Enterprise Integration Patterns – the basics

Basic Synchronous Push Model

This is essentially the reverse of the basic synchronous pull model, whereby instead of say WizAStore requesting (pulling) information from EntMine regarding stock levels, in this case WizAStore is sending (pushing) information to EntMine. A great example of this is an order that we have taken from the on line store.

So let’s keep it simple, here is pretty much the same sequence flow for sending an order synchronously from WizAStore to EntMine.

Synchronous Push Data Call

 

Again this is a simple flow and follows exactly the same flow as our earlier pull request but the information is essentially going from WizAStore to EntMine which is storing the information and returning a new order number.

Well that’s easy then, and we can make it more efficient again by using our little multi-threading trick to speed up the user interface if we so wish.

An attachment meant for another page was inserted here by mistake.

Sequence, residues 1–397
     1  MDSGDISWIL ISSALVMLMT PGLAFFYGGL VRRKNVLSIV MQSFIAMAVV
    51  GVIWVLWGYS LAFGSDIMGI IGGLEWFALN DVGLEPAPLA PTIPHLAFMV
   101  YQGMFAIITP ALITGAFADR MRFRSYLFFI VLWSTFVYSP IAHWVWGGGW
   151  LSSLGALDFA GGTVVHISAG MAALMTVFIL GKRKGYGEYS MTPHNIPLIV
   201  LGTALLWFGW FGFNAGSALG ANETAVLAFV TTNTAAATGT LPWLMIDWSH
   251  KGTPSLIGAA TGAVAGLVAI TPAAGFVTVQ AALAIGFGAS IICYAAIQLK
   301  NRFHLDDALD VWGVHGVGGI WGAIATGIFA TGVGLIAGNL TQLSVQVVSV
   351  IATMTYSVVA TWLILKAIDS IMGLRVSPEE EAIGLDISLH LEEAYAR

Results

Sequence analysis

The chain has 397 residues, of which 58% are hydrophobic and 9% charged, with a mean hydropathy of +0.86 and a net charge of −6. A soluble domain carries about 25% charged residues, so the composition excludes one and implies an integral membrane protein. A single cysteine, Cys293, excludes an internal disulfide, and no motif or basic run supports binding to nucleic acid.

Synchronous Push Data called Asynchronously

Hold on though, there is something we are missing here, in our basic pull model if something went wrong and we are pulling information from a back end service, we can handle that immediately and tell the user ‘we can’t get the stock levels right now’ and give them options. Here though what do we do if the call is not successful?

Well in all honesty it really does depend, in our example we are looking at orders, orders are kind of important so displaying to the user ‘sorry we can’t take your order right now can you come back later’ is probably going to lead to a lost sale. Equally if we were to look at another example say we reversed the call and made it about EntMine updating a cache of products in WizAStore using the push technique, then if the update fails  WizAStore could be displaying the wrong product set.

In actual fact this makes the basic asynchronous push model dangerous to use in the wild unless we can handle failures and re-trying in a much more robust manner, the next two patterns explain some of the ways this can be achieved.

One small foot note here is that this is a great candidate for new ‘event driven’ architectures where we need to send information on as soon as it is available. However, if we built an architecture like this then the chance of data loss (in this case loss of orders) is quite large in the case of system failure and we come back to the need to make this model more robust.

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